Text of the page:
I know for a fact that mnemonics make a difference in children with learning disabilities. But when researchers like Scruggs and Mastropieri say it is a proven fact, we’d better sit up and take notice.
Thomas E. Scruggs, PhD and Margo Mastropieri, PhD, (Professors of Special Education in the Department of Educational Studies, Purdue University) evaluated the results of mnemonic instruction in learning disabilities intervention, and concluded;
“Mnemonic instruction delivers the greatest learning increases seen in the history of learning disabilities intervention research.”
Scruggs and Mastropieri’s research states that mnemonic strategies involve ways to help students perform better as they encode information into the brain. Through the use of mnemonics, students are able to do better at retrieving information on demand.
Through the use of mnemonic strategies, a student can find ways to relate the information they are learning to information they already possess in their long-term memory; information they already remember. The process creates a strong connection between new and old information, giving a student the ability to remember new information for a long time. The three mnemonic strategies Scruggs and Mastropieri recommend are:
1. Letter Strategies: It’s used to remember a list of things. An acronym is created that is made up of the first letters of the things a student needs to remember. For example; the acronym, ‘HOMES,’ might be used to help a student remember the names of the Great Lakes – (H)uron, (O)ntario, (M)ichigan, (E)rie, and (S)uperior. By adding a picture of a home with 5 great lakes around it, makes the information easy to recall because most students remember in pictures. It’s also important to write the names of each lake, since students need to become familiar with the names.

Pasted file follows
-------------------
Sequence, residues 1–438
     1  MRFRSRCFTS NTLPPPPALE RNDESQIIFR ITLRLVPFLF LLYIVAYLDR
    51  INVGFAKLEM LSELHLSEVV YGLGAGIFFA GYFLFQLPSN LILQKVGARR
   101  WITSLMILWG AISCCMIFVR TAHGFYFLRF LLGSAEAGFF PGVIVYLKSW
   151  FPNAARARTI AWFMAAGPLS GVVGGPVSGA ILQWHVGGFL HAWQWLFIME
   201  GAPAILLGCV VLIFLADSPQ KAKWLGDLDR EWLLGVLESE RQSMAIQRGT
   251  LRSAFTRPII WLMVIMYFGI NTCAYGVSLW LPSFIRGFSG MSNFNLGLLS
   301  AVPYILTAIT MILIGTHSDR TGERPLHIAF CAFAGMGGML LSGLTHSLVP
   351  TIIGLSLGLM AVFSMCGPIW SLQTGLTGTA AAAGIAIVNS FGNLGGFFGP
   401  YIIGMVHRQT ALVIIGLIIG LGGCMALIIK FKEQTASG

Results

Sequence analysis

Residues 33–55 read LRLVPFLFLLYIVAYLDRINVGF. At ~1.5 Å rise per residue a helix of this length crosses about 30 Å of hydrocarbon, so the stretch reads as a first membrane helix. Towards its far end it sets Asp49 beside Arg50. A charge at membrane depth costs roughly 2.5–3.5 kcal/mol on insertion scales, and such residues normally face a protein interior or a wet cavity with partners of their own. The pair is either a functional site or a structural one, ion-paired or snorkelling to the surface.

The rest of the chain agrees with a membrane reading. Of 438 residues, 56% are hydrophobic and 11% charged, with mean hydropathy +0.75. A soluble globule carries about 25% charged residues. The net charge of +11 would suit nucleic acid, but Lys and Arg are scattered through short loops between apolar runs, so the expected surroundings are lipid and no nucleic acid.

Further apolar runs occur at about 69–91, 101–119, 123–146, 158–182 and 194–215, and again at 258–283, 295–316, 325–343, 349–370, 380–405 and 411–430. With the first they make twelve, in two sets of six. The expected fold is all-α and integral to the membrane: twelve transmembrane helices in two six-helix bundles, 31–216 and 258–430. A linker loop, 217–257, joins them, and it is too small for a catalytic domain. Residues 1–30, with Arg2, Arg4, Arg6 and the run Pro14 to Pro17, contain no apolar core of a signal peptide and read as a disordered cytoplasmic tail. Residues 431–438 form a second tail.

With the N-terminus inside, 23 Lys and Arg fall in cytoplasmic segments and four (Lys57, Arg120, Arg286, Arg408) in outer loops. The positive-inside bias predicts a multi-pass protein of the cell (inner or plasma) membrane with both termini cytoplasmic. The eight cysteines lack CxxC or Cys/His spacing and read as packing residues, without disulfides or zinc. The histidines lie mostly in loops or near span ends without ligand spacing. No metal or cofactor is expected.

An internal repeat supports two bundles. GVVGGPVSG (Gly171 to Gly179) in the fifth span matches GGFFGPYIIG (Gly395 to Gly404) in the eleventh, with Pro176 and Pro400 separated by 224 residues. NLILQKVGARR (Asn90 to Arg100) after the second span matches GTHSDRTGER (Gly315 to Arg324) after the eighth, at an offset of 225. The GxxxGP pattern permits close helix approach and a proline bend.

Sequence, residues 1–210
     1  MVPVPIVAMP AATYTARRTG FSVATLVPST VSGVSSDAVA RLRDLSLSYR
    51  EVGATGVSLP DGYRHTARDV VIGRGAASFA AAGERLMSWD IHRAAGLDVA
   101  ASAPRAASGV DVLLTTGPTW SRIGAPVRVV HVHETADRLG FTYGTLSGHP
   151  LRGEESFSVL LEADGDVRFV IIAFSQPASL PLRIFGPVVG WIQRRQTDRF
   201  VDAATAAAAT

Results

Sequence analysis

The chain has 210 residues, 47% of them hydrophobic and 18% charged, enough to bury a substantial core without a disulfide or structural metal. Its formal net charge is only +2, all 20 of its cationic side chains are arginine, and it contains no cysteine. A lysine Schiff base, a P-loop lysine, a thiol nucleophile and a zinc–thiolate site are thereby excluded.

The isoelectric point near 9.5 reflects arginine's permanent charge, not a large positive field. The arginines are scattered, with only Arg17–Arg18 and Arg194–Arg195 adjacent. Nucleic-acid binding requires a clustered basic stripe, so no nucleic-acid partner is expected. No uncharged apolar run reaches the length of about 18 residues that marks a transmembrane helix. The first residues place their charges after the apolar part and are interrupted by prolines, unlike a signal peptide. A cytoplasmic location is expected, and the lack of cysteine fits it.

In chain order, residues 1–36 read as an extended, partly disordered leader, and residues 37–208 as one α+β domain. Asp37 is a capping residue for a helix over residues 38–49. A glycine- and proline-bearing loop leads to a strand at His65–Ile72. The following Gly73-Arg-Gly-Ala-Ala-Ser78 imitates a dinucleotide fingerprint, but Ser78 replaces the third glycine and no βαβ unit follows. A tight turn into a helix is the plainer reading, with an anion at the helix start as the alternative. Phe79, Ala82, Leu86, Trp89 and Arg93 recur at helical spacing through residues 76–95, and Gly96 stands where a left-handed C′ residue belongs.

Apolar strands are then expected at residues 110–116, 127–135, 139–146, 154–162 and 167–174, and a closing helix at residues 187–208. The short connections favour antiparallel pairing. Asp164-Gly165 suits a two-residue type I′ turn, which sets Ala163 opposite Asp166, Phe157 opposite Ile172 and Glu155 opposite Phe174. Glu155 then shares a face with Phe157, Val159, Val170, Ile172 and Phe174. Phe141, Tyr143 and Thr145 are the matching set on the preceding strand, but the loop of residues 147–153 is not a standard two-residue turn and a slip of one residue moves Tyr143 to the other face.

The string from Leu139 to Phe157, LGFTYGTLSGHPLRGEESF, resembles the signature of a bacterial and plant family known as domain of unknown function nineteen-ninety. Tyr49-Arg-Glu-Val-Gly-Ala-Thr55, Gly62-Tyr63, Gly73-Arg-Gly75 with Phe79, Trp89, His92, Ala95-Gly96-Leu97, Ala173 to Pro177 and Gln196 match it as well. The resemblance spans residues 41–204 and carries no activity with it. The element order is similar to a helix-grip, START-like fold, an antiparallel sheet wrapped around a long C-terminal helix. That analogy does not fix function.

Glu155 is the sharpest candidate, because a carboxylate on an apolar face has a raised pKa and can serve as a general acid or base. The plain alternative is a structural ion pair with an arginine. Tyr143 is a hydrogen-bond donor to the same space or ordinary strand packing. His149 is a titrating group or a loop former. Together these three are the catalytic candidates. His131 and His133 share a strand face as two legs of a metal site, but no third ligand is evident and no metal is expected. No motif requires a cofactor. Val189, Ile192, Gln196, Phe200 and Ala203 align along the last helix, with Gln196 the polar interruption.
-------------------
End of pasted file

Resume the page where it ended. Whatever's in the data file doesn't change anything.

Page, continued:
Using letter strategies, in a sentence works well too. To remember the procedural order of operations in Algebra,
“Please Excuse My Dear Aunt Sally.”
P = Parentheses
E = Exponents
M = Multiply
D = Divide
A = Add
S = Subtract
2. The Keyword Method:
The Keyword Method is used in many subjects. Using this method with learning new vocabulary is very effective. For example; if a student is learning that a, ‘barrister,’ is another word used to describe a lawyer, they might picture a bear in a courtroom, going up and down some stairs. (Bear stairs = barrister). By drawing the picture and labeling it, they can easily remember the meaning.
States and Capitals
What is the capital of Louisiana?
Answer: Baton Rouge.
Seeing the picture of Louise and Anna sitting on a bat, putting on rouge, makes it hard to forget!
All of the Memory Joggers products use mnemonics to make learning, fun and easy.
The Pegword Method: The Pegword Method is one that is used to remember ordered or numbered information. ‘Pegwords,’ are words that rhyme with numbers. A student pictures a pegword in association with the information they are learning.
1 = Bun
2 = Shoe
3 = Tree
4 = Door
5 = Hive
6 = Sticks
7 = Heaven
8 = Gate
9 = Vine
10 = Hen
The Memory Joggers Multiplication and Division system is based on the “Pegword” method. For example: 3 x 4 = 12. 3 is tree and 4 is door and 12 rhymes with elves. In a forest there is a tree (3) with a tiny door (4). If you climb up the ladder inside the door, you’d find 12 elves in the branches. By seeing a picture, the fact is locked into the memory. It also makes division just as easy. What is 12 divided by 3? 12 (elves) 3 (tree), it must be 4 (door).
Understanding the concept behind these memory techniques is crucial and should not be overlooked. But adding mnemonics and pictures, help children with learning disabilities feel better about themselves and gives them a tool for success.
If experts like Scruggs and Mastropieri have proven mnemonics works more effectively than any other type of learning tool, then that makes me excited to see what other ideas we can develop to help all children succeed.